Quebec Has New Plans To Better Protect & Promote French

The OQLF is expanding and the number of inspectors will double.
Senior Editor
New OQLF Officers Will 'Allow The Montreal Team To Focus Solely On The Metropolis'

After weeks of promising change, the Minister of the French language, Simon Jolin-Barrette, has finally announced new plans to further protect French in Quebec. At the heart of the announcement is a promise to open three new OQLF offices — the agency's first expansion since the '80s.

The new offices in Laval, Longueuil, and Drummondville will allow the Office québécois de la langue française (OQLF) to "intervene more effectively where its presence in francization is a necessity" and "allow the Montreal team to focus solely on the metropolis," according to a statement.

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Simon Jolin-Barrette, Minister responsible for the French Language

The OQLF will also open 50 new positions "dedicated to operational activities to ensure that the right to work in French and the right of consumers to obtain products and services in French are respected."

The new hires will double the number of inspectors.

Jolin-Barrette has for weeks promised changes were coming, after a survey from the OQLF shows a whopping 60% of employers in Montreal asked new hires for English skills.

Ah, the OQLF, the Quebec agency charged with promoting the French language and enforcing laws that protect it.

In addition to providing resources for French learners and launching campaigns to encourage its use, the office also investigates possible violations of the Charter of the French Language, or Bill 101. Commonly referred to as the collection of the province's "language laws," Bill 101 establishes rules for the use of French in commercial activity.

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The OQLF is working to keep French as the language of business. The office announced that on October 21, a Quebec court fined a Montreal-based real estate broker $1,500 for violating the language law on ads and publications.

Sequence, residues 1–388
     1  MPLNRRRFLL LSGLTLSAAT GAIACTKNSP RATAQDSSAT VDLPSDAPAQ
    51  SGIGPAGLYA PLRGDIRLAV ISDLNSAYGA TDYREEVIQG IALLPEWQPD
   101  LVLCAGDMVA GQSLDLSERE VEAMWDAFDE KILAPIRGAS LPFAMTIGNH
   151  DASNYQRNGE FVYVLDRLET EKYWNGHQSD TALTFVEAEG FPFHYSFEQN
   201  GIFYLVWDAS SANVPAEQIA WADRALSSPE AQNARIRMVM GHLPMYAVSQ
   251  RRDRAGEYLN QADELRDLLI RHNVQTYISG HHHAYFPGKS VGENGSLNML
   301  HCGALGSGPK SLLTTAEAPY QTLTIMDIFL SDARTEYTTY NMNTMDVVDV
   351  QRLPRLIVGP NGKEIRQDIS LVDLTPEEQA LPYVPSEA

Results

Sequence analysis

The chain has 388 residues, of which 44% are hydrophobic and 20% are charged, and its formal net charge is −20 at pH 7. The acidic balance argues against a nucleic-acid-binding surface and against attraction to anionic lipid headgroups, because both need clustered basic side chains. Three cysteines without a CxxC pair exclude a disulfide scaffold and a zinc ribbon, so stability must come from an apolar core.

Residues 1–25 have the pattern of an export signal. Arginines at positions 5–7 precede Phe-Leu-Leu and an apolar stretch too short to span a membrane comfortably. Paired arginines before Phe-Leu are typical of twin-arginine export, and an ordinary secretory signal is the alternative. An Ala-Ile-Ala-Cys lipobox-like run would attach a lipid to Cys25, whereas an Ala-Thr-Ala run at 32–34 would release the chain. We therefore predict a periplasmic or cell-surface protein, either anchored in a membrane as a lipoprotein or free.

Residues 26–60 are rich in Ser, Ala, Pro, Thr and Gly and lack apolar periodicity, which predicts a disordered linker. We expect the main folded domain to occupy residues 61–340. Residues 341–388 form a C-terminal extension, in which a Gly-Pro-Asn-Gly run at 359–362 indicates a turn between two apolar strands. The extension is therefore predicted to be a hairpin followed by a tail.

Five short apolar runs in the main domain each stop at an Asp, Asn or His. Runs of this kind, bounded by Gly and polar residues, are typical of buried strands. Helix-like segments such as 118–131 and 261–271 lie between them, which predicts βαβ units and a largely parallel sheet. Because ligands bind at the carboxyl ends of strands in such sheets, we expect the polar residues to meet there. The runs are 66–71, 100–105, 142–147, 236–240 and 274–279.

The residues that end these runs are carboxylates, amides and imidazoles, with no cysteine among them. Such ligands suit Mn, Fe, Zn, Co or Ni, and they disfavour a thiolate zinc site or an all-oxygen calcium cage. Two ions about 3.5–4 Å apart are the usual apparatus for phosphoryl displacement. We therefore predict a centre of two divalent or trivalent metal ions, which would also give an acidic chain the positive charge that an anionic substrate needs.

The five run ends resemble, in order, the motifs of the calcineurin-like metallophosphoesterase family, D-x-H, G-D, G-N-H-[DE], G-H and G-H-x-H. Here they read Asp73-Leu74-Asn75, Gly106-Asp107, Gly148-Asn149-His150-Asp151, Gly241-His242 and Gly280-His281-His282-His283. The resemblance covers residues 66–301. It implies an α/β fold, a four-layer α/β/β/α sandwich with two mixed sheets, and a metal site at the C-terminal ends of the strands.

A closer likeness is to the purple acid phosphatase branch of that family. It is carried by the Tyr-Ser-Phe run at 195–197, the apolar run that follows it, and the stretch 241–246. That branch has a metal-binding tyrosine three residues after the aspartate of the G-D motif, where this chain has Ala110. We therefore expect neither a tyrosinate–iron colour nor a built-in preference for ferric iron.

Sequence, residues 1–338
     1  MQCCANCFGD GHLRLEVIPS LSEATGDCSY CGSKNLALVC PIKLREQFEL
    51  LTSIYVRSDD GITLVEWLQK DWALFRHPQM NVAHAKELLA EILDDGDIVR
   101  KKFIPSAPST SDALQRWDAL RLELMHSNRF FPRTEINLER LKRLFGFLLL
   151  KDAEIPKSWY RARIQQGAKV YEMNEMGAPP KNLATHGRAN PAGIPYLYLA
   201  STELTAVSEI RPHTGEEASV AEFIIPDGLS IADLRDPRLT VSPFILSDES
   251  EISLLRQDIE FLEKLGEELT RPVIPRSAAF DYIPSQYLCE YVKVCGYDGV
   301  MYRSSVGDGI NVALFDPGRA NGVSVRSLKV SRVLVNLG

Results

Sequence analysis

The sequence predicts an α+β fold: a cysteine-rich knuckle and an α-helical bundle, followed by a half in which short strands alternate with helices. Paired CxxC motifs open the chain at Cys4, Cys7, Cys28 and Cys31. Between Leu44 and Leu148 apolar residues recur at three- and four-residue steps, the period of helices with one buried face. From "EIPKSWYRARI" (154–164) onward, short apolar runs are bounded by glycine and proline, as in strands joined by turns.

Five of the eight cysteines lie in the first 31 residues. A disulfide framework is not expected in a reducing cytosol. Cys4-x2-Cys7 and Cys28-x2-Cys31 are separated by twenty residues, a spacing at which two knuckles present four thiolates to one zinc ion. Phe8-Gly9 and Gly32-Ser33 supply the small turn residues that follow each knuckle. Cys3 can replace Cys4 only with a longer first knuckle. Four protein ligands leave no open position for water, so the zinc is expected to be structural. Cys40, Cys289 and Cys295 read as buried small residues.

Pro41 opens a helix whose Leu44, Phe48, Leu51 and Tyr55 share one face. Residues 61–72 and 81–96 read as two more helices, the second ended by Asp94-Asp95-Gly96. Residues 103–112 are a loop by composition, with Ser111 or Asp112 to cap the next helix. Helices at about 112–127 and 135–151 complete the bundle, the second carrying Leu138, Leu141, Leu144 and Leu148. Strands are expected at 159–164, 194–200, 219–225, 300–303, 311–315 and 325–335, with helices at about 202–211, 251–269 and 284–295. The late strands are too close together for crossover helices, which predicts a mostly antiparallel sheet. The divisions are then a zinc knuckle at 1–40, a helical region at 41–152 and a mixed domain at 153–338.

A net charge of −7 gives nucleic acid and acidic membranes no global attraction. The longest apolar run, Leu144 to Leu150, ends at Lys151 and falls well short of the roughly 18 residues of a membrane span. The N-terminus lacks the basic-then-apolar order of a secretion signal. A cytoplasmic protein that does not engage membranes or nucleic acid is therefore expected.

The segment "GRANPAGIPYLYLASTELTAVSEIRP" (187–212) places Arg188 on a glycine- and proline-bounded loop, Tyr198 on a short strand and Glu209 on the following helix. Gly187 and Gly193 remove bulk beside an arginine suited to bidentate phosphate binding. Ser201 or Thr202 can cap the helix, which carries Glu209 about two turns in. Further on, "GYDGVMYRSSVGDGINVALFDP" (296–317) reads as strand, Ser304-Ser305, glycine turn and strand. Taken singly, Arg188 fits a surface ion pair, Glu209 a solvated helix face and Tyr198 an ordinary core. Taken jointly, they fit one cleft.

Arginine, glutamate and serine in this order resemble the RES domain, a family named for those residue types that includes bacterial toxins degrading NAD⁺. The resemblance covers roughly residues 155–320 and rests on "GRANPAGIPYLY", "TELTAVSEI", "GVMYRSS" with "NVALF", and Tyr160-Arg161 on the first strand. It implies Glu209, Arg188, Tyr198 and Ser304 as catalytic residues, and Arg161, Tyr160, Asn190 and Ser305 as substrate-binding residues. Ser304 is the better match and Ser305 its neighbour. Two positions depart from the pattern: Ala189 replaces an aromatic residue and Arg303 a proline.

Qiang Zhong Inc., a real estate broker, was accused of "not having written in French the commercial publications posted on its Facebook page," according to a press release. The accusation followed a complaint.

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Let's take a mot-clic #égoportrait. In November 2021, the Office québécois de la langue française (OQLF) conducted a campaign to get young Quebecers to use French on social media.

Partage ton français Office québécois de la langue française | YouTube

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Balarama Holness Says He’ll Officially Recognize Montreal As A Bilingual City If Elected

"Montreal is bilingual and multicultural and it is something that we should embrace," he said.

Activist and Grey Cup-winning Alouette Balarama Holness is saying he'll officially recognize Montreal as a bilingual city if elected mayor in November.

"We live in a francophone province in a francophone city from a legislative perspective, but the reality of Montreal is far different," the leader of Mouvement Montréal said in an interview with MTL Blog.

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